El Camino de Santiago is a very special and ambitious journey that many, many people embark on each year. Every individual traveler comes with their own specific reasons for setting out on the famous Spanish pilgrimage.
What you get out of this adventure will be completely up to you, but if you adopt the attitude of a true pilgrim and try to find the positive in all situations for the duration of your chosen route, you’re sure to accomplish your goals and maybe even find something within that you didn’t realize you were looking for.
However, no matter what continent, country or city you come from, there are a few traditions and symbols that you will notice and have the opportunity to take part in along the way that are universal to everyone who makes the trek.
Obtaining your pilgrim’s passport should be one of the first things you take care of when you decide you’re making the El Camino voyage.
There are several places that offer a way for people to pick up a passport in their own countries before heading over to Spain. Of course, if you forget to get it right away it won’t be as detrimental as forgetting your real passport, but it’s definitely something you want to make sure you have as it is part of the whole experience of walking the world-renowned trail.
A pilgrim’s passport is also made available at numerous places along the different routes, but you’ll want to have it for the beginning of your trip since the stamps you will receive are proof that you’re an authentic traveling pilgrim and give you the advantage of finding a bed in the albergues at night.
Furthermore, this will be your official credential for receiving the compostela at the end of your journey and serve as one of your most significant souvenirs since it documents each place you stopped en route to Santiago de Compostela.
The scallop shell has been a historic symbol of El Camino for a long time, with its original meaning deriving from legendary tales concerning the death of St. James.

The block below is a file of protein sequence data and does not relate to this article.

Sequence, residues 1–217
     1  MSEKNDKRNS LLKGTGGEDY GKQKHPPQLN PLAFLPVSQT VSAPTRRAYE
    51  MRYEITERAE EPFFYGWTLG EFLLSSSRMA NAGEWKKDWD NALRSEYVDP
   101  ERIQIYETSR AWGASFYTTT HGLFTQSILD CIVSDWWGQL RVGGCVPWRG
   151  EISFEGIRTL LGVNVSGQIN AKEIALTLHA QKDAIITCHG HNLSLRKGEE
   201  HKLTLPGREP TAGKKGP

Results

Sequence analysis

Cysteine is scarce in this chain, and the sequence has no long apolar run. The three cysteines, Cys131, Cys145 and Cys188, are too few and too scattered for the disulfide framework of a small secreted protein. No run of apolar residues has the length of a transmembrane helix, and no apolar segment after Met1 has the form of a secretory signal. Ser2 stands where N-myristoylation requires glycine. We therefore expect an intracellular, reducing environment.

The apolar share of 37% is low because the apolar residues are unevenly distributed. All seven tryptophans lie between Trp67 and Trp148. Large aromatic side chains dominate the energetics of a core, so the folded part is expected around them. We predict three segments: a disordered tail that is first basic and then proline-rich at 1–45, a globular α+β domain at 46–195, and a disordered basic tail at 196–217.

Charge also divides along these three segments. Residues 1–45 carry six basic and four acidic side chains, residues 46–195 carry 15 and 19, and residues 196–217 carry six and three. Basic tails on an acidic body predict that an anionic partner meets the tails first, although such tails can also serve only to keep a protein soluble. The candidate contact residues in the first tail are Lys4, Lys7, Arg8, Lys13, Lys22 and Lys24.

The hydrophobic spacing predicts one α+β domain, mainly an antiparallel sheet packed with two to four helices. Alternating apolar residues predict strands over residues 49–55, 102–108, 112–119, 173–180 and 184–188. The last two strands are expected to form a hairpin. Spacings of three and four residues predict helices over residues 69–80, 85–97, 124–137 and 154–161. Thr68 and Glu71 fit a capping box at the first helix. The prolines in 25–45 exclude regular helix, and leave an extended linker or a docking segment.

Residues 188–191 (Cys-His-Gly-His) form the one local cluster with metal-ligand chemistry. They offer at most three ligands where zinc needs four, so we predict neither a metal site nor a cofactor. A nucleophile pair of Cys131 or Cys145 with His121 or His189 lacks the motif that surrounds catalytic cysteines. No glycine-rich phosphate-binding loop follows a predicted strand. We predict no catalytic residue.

The shell has adopted a metaphorical meaning as well and is said to illustrate the various routes of the Spanish pilgrimage through its grooves, which eventually come together at a single point, as do all the routes that lead to Cathedral de Santiago de Compostela and St. James’s final resting place.
The scallop shell was also often used in a practical manner to serve as a tool for eating and drinking since it is a common find on the way to Santiago once pilgrims reach the shores of Galicia on their journey. On today’s pilgrimages, many use the shells that are painted on trees, sidewalks, buildings, etc. as guides along their path.
Cruz de Ferro
Over time, pilgrims have adopted the tradition of bringing a stone from home with them on their travels to leave at the Cruz de Ferro, which is an iron cross that has been erected on the way to Santiago. For some, it is symbolic of leaving behind a piece of their homeland, and for others, it represents leaving behind their sins at the foot of the cross.
The compostela is the final token you will receive on your journey. All those who have walked the last 100km or cycled the last 200km of the trail into Santiago with the required stamps on their passport will be given a certificate of accomplishment.
Upon completion of the pilgrimage, you will be asked your reason for taking on the El Camino challenge and if your answer is anything other than for religious purposes, be prepared to receive a slightly different certificate of achievement.
This Spanish pilgrimage isn’t like any other journey, no two experiences will be the same, and even if you’re traveling alone, embracing all the traditions will make you feel like you’re a part of one big beautiful and spiritual picture.